Flicking through the pages of the interweb the other day in one of those serendipitous ways that one does, I came across a website devoted to John “Hoppy” Hopkins who was, the website told me, “One of the best-known counterculture figures of London in the 1960’s, not just as a photographer and journalist, but as a political activist.” Well, I must have been after his time, I’d never heard of him but intrigued, I took a closer look.
Most of the site is given over to examples of his photography and scrolling through the photos I was suddenly aware that I knew those people in the photographs, well, some of them. No, not those actual people but people like them. I’d grown up with people who looked and dressed just like those people, I recognised them.
‘Old’ men in jackets, raincoats and hats, ‘old’ women in long coats and again, hats. “Why don’t people dress like that now?”, I mused and then was hit by the realisation that some of those ‘old’ people were probably then, around the age that I am now… Sobering.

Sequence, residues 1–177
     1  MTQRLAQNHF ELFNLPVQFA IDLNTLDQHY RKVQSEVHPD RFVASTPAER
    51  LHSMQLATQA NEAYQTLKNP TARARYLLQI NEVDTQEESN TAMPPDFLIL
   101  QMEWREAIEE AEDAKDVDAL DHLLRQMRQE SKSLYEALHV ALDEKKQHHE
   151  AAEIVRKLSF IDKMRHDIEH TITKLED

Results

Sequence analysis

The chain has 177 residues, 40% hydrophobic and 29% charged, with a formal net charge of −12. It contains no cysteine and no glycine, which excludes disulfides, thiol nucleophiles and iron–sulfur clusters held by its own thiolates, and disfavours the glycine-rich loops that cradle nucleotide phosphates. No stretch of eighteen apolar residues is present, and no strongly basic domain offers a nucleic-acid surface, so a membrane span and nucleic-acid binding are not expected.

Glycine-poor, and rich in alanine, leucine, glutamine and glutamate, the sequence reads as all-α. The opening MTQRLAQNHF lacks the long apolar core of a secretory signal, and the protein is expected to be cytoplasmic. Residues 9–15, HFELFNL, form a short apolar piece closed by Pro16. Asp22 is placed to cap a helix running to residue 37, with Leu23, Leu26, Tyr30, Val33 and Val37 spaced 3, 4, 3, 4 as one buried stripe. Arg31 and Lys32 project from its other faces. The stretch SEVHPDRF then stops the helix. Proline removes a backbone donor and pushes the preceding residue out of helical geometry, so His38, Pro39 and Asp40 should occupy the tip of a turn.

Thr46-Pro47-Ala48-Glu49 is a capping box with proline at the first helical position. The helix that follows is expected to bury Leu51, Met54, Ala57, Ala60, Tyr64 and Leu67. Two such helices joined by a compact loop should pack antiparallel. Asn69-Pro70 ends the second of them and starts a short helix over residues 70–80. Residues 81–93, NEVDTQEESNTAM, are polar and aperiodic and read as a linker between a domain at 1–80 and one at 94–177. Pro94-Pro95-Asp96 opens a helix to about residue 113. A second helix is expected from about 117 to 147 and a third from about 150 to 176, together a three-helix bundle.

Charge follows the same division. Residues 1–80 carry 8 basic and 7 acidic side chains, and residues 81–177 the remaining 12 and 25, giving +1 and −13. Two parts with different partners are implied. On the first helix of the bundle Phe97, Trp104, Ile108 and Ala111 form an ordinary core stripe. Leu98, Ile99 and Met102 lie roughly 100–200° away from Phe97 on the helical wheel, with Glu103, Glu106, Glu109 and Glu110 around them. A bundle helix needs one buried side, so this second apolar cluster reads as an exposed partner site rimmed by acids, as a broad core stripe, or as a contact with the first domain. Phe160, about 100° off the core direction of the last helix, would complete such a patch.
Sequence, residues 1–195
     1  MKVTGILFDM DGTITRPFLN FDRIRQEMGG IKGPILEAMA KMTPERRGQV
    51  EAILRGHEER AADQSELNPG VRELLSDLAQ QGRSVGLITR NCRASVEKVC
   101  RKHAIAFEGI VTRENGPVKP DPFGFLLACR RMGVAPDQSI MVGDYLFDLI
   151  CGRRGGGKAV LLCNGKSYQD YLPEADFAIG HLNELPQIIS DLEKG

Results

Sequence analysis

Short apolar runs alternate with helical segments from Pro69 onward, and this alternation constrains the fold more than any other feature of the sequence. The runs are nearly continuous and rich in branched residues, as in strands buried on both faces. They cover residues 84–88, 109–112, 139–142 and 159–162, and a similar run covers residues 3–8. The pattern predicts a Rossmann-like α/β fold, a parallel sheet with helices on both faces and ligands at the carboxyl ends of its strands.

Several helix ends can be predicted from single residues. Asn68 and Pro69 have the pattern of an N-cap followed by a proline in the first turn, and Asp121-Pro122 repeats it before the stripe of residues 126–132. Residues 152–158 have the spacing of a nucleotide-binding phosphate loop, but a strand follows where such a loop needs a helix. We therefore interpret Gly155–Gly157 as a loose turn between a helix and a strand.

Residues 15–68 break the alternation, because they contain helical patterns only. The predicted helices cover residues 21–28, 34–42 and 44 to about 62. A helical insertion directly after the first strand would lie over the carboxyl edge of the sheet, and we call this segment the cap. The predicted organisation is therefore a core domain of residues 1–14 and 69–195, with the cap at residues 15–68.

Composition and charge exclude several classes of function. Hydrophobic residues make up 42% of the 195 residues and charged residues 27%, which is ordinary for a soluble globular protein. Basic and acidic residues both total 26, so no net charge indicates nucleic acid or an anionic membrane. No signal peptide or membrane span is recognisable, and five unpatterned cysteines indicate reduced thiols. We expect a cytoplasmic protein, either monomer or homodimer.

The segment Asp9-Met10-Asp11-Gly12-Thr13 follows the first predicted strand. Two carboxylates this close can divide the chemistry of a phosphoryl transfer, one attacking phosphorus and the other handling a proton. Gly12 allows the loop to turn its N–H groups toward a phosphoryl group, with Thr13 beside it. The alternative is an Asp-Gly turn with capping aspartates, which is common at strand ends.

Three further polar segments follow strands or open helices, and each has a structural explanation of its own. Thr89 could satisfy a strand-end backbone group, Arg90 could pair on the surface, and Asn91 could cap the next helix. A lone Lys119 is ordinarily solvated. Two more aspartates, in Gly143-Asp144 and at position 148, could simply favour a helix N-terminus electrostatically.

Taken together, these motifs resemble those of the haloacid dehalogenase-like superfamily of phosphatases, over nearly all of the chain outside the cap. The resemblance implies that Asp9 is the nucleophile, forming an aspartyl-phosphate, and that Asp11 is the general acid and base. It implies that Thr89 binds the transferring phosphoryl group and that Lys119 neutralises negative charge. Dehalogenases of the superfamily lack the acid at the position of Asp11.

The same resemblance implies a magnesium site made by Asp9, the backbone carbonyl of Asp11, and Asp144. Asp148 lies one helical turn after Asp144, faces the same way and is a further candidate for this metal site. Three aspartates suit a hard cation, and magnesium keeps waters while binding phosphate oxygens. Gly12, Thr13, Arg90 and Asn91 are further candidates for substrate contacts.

A child in a crowd of other children watching a Punch and Judy show on a beach. I stared at that one, the photo caption said that it was taken in 1963, that child could have been me! Ah, but the caption also said that it was during a CND outing and as far as I know my parents never supported, actively at least, the CND, but that boy in the photo definitely looked like it could have been me.
I include here a link to the website; I’m not going to ‘share’ any photos from it here as there is a list of terms and conditions as long as your arm to contend with but it’s well worth a trawl through.
Amongst the photographs are several and varied portraits of, amongst others, musicians, political activists, politicians, writers, film makers, actors, novelists, and poets including a photograph of one Ernst Jandl, who was the caption told me, an experimental poet.
An experimental poet?
That was never mentioned to me when I was nearing the end of my school days!
No one sidled up to me and said, “Of course, you could always become an experimental poet, you know, if you keep up with your English work…”
Ah, another lost opportunity, or was it? I seem to have written a fair bit of dodgy poetry in my time, maybe I became an experimental poet and just wasn’t aware of it.
2 thoughts on “Experimental poet”
Click to access BeyondWords_2019.pdf
You might like this! my school was quite creative and we did quite a bit with experimental poetry. Did you know about the Penguin poets series? Mine are all in the attic, or I would show you some.
This was the famous one A Computer’s Christmas card by Edwin Morgan.
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Thanks Basia, I shall read and digest 😊
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